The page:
Remote sensing and wetland ecology: a South African case study
De Roeck, Els R
Verhoest, Niko E C
Miya, Mtemi H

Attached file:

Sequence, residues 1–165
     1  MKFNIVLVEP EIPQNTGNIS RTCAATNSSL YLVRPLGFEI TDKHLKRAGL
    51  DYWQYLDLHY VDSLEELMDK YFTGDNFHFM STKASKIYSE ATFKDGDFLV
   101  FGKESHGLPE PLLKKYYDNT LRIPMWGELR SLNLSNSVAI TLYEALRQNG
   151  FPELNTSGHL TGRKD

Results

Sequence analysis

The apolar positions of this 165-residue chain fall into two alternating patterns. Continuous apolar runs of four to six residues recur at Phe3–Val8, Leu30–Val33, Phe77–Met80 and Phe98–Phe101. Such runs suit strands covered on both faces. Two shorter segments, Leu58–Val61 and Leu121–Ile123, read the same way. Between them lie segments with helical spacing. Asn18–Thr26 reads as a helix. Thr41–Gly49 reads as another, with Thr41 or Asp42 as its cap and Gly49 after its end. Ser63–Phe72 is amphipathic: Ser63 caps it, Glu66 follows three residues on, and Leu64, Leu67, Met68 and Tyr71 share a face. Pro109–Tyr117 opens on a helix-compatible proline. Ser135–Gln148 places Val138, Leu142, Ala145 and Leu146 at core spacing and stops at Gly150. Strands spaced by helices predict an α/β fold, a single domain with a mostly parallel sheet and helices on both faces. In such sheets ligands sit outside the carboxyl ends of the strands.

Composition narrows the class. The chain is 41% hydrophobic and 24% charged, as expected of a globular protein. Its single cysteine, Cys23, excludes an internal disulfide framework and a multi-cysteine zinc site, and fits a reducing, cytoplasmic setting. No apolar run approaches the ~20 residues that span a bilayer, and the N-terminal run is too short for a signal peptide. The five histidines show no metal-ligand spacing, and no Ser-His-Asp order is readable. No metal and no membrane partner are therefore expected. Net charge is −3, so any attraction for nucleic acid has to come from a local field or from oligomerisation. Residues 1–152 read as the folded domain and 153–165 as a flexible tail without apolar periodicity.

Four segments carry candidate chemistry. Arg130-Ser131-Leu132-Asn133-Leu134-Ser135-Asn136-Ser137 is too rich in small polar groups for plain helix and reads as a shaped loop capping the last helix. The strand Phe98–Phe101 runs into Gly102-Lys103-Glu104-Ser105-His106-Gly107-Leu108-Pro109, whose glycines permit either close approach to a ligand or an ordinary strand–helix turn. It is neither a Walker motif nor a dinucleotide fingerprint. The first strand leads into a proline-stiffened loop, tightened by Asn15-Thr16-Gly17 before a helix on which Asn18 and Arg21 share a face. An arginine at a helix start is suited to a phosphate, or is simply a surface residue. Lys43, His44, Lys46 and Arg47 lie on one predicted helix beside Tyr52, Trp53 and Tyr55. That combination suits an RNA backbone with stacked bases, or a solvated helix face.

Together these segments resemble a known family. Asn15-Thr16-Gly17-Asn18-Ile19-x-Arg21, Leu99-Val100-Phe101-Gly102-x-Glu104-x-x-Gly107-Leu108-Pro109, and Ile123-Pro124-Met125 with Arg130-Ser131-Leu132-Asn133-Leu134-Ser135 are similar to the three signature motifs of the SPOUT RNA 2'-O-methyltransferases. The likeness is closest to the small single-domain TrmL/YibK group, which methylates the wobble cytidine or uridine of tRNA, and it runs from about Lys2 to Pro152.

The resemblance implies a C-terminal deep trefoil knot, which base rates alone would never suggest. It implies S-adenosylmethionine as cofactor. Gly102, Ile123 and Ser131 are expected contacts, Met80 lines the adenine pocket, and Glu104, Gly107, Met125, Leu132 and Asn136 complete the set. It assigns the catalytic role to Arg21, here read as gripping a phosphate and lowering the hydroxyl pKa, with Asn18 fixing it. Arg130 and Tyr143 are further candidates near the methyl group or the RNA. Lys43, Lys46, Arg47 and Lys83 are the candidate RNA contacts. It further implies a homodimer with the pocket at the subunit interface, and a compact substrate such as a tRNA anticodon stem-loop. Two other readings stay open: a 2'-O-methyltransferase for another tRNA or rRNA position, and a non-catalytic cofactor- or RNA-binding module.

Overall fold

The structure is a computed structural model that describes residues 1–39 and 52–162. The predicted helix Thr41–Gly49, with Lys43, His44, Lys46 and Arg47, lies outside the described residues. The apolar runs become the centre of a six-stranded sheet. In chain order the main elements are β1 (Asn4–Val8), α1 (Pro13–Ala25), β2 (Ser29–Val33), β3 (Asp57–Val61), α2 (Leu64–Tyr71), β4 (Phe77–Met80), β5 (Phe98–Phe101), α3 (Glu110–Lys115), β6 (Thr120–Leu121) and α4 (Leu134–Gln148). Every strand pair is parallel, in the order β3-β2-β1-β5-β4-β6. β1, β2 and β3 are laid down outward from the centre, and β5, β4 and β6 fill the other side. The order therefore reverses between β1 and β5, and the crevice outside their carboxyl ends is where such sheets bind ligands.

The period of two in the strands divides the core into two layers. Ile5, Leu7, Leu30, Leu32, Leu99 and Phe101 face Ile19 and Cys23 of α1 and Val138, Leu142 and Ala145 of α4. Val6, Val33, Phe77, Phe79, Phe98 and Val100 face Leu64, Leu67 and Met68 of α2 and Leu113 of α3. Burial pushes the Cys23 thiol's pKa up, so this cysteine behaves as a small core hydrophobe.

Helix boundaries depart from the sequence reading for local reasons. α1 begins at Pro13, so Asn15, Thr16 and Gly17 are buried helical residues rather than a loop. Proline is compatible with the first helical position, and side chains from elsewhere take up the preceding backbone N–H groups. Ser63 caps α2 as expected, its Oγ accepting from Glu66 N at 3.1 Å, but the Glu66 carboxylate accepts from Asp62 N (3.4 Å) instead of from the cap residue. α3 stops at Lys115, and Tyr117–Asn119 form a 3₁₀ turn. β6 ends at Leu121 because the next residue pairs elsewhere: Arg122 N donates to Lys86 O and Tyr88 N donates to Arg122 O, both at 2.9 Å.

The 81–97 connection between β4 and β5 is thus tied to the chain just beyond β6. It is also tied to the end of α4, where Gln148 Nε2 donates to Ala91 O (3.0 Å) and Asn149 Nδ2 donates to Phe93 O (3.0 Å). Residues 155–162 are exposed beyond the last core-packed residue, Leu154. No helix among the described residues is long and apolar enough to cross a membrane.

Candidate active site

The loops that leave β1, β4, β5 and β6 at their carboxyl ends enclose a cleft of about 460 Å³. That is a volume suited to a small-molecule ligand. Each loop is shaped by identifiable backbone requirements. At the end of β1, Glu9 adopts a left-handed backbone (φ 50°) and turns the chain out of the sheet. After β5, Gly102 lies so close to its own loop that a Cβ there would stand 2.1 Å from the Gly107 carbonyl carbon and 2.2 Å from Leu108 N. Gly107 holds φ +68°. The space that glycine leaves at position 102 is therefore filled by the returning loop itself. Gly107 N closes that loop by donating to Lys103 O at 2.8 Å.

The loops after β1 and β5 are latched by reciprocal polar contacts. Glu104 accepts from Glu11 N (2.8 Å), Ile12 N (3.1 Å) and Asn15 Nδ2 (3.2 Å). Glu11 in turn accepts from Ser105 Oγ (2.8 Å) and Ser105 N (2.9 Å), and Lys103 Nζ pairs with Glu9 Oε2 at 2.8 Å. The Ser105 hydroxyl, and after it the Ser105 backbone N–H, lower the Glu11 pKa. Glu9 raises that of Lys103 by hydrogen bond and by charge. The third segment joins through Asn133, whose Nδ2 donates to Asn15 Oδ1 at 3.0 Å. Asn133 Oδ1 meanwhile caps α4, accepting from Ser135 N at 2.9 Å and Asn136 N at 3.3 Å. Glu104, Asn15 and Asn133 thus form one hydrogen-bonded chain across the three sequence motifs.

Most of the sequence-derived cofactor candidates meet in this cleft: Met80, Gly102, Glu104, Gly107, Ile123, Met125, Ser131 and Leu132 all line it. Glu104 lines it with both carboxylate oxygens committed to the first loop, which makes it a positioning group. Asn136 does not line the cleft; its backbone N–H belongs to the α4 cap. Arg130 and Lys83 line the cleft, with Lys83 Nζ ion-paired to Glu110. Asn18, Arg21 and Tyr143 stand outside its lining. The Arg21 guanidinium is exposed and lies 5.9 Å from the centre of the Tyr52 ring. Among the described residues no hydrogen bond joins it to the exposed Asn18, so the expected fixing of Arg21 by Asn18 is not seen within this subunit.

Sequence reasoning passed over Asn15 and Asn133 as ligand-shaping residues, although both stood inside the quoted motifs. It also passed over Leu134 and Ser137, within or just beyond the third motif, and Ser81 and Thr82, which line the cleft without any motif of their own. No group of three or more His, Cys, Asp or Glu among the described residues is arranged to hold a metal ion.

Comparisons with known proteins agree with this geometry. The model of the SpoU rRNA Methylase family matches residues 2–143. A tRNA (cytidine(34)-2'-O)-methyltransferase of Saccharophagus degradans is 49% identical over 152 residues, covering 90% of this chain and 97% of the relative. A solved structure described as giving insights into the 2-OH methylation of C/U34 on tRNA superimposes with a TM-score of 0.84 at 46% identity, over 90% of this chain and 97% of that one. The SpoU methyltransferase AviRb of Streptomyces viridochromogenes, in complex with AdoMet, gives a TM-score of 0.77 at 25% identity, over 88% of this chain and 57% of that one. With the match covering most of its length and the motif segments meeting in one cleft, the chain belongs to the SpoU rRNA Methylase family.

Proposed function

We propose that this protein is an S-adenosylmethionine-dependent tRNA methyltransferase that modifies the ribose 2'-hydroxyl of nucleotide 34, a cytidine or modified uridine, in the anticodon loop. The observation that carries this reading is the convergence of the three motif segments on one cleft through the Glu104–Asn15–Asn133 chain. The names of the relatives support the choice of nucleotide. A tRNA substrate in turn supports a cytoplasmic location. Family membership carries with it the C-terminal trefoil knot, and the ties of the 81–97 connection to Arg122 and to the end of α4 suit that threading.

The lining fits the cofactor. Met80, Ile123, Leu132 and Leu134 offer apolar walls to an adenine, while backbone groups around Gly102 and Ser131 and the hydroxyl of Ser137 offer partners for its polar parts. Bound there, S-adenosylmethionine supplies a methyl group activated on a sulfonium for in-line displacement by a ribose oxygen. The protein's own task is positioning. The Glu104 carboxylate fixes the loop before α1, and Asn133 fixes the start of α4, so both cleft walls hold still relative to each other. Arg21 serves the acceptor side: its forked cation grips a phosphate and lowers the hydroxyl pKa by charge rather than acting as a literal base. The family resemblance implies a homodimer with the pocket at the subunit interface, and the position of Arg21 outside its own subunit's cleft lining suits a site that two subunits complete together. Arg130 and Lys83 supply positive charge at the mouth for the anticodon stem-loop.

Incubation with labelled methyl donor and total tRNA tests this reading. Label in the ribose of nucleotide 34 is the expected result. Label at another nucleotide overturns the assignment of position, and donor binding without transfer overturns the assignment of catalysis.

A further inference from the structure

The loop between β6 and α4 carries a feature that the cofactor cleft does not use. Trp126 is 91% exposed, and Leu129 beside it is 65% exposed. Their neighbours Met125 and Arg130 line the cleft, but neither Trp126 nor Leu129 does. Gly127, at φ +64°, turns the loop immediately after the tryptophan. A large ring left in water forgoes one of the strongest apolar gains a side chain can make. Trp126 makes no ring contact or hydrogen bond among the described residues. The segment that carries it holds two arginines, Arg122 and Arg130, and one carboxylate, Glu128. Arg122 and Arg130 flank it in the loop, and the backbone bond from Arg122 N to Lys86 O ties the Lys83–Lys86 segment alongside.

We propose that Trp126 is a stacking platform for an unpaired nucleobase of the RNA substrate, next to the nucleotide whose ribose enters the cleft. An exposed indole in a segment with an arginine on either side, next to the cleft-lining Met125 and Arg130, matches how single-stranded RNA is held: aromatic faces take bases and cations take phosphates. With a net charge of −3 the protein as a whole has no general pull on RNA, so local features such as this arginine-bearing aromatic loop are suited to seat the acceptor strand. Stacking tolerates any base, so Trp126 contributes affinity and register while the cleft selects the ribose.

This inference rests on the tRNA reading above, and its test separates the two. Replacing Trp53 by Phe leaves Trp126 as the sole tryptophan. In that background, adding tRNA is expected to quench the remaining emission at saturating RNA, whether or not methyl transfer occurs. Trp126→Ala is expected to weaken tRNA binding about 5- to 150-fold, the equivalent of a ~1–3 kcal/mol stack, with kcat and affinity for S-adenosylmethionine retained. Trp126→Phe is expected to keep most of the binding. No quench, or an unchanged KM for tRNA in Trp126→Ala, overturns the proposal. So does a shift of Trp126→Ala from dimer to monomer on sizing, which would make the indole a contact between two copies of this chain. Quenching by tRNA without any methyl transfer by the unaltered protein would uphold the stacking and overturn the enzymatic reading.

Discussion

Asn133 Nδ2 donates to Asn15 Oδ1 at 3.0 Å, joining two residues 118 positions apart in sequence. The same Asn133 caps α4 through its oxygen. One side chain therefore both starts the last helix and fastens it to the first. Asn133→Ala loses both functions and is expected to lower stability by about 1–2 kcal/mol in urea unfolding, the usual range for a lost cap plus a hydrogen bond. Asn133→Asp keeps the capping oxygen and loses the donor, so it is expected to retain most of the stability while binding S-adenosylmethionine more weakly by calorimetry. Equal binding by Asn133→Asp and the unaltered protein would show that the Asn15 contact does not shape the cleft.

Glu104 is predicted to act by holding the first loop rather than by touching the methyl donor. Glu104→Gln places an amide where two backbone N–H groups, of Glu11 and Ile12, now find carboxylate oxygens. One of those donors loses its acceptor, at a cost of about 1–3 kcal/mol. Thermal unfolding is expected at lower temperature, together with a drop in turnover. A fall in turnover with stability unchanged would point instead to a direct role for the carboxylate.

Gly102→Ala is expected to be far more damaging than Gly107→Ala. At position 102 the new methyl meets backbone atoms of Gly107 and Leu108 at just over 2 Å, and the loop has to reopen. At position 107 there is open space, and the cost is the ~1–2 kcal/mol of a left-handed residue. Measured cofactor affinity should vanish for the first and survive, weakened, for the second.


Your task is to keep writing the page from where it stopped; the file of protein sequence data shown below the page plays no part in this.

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Remote sensing offers a cost efficient means for identifying and monitoring wetlands over a large area and at different moments in time. In this study, we aim at providing ecologically relevant information on characteristics of temporary and permanent isolated open water wetlands, obtained by standard techniques and relatively cheap imagery. The number, surface area, nearest distance, and dynamics of isolated temporary and permanent wetlands were determined for the Western Cape, South Africa. Open water bodies (wetlands) were mapped from seven Landsat images (acquired during 1987 – 2002) using supervised maximum likelihood classification. This study has indicated that ecologically relevant data can be generated for the larger wetlands through relatively cheap imagery and standard techniques, despite the relatively low resolution of Landsat and Envisat imagery. For the characterisation of very small wetlands, high spatial resolution optical or radar images are needed. This study exemplifies the benefits of integrating remote sensing and ecology and hence stimulates interdisciplinary research of isolated wetlands.